“It is not more complicated,” he said. “It is very simple. I chased them away and I brought you here so you could be tended.”
“You hardly came upon me by accident.”
“However it happened, you are alive because of it. Your allies appeared intent on killing you. You can still thank me.”
“They were not my allies. They were common thieves setting upon a woman.”
“Thieves take purses and shoes and even garments and leave. They do not take the time to beat and cut.”
She gave a little shrug that was eloquent in conveying her indifference. If you want to think so, it is all the same to me. He assumed it also meant there would be no thanks.
Her attention drifted around the library, to the shelves of bindings and the fabrics at the windows. Her gaze paused on the fireplace, and the musket and sword held to the wall above it by iron arms. She took a few steps and fingered the wood of a chair with interest.
“You are rich,” she said. “I was told you are a viscount, but they are not always rich.”
“Better came before me who did well by the estate.”
“How modest. Or, more perhaps, a statement that your interest lies elsewhere.” Her gaze now found him. She walked over until she stood very close. Humor and challenge showed in her eyes. “You undressed. Even if you hoped for pleasure due to my gratitude, that is very bold.”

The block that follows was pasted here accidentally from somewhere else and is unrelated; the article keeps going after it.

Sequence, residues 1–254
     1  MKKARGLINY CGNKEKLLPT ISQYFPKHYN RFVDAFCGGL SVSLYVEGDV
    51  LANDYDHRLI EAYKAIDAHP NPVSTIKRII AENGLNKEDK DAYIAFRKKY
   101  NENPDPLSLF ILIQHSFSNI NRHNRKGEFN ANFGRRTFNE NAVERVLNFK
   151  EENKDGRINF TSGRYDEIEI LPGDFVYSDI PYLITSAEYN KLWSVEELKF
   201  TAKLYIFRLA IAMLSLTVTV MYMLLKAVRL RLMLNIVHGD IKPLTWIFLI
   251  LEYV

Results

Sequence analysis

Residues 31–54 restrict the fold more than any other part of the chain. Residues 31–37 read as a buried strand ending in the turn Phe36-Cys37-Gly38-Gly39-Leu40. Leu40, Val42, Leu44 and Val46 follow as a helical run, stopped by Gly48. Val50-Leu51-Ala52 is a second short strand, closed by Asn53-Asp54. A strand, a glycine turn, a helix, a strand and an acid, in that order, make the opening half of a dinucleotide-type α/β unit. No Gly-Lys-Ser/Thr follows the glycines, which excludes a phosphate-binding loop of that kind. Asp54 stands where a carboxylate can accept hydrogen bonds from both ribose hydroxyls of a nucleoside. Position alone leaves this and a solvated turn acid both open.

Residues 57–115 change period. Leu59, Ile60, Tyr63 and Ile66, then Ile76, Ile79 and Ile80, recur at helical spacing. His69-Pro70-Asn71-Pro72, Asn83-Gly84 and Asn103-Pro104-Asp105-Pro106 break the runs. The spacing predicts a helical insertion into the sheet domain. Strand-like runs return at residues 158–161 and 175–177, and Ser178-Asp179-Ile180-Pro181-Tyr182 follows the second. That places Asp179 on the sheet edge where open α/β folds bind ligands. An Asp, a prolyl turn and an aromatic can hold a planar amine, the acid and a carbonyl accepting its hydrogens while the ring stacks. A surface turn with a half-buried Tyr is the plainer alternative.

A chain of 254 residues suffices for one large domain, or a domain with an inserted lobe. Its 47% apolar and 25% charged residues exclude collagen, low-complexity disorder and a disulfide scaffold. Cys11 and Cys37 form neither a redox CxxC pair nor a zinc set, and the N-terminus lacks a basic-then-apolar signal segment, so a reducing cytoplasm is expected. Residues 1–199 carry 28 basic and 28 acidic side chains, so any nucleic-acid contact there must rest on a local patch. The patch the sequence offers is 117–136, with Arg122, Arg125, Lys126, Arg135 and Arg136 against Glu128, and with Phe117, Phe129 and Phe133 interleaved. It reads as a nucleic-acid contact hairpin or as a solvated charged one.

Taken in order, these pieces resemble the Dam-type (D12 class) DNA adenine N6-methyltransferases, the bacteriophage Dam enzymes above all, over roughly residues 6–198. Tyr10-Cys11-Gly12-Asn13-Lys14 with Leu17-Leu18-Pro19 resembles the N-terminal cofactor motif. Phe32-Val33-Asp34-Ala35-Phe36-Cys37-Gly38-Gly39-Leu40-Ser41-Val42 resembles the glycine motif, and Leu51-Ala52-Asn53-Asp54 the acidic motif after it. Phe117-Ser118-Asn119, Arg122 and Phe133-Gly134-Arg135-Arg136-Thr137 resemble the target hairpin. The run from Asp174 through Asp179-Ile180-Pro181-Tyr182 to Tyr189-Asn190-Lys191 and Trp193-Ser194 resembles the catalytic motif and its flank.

Pleasure had been the last thing on his mind. Until now. The flirtation of her demeanor and provocation of her words caused his body to heat and tighten. She saw it in him. Smiling sweetly, triumphantly, she stepped closer yet. Her eyes sparkled with humor and delight.
She had looked at him like this once before, from far away. He had come upon her unexpectedly, sitting in a garden with Emma Fairbourne and Lady Cassandra. Seeing his spy chatting with those ladies had taken him aback. While he decided what to do, she had noticed him. Boldy, smugly, she had stared at him.
Then she had smiled. Just like this. It turned her into a girl. An innocent. It was as if time reversed, and he was seeing Marielle Lyon years before she came to England.
Desire and confusion had assaulted him then. And now. Confounded him. Even knowing all too well that French woman were experts at coquettish charm did not help. Nor did knowing that she was wounded even beyond the damage he saw. He began calculating a seduction that ended hard and slow.